Frank Cashen GM of the 86 Mets Passes

by Ed Tsunoda on July 1, 2014

Frank Cashen who was the Mets General Manager from 1980 to 1991 and the architect of the Mets last World Series winning team has died at the age of 88. Cashen also worked with the Mets as Chief Operating Officer, as a consultant, and as interim GM during Steve Phillips’ leave from the team in 1998, throughout the 90s, and was inducted into the Mets Hall of Fame in 2010.

Cashen came to the Mets in 1980, under not dissimilar circumstances to how Sandy Alderson arrived, at the suggestion of  MLB, and at a time when the Mets new owners needed help turning around a moribund franchise. He was able to build a World Series winner by 1986 and annual contender that averaged 95 wins a year from 1984 to 1990.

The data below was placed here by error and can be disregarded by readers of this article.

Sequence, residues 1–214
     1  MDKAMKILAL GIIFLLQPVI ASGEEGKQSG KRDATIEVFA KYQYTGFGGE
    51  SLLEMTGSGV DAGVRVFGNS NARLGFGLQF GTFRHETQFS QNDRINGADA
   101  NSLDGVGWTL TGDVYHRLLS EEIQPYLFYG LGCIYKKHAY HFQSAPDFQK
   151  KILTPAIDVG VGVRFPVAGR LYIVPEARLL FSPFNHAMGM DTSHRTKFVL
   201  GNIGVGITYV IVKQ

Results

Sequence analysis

The high point of Cashen’s tenure in Queens, the runaway success of the 1986 championship team, was a most compelling spectacle that regularly filled Shea Stadium. The Mets came replete with charismatic personalities of differing textures that fascinated the city. They had Ivy Leaguers, family men, comedians, Hawaiians, nocturnal animals, dirt bags, players who had been dirt poor, many of them would-be authors. Moreover, the ’86 edition participated in league and World Series championships that remain among the most memorable ever.

“On behalf of all of us at the Mets, we extend our deepest condolences to Jean Cashen and her entire family,” Mets chairman and CEO Fred Wilpon said. “Frank Cashen revitalized our franchise when he took over in 1980 as general manager and helped engineer us to a world championship in 1986. I dealt with Frank on a daily basis and he was a man of integrity and great passion. No one had a more diverse career than Frank. He was also a lawyer, sportswriter and marketing executive. His accomplishments will always be an integral part of our team history.”


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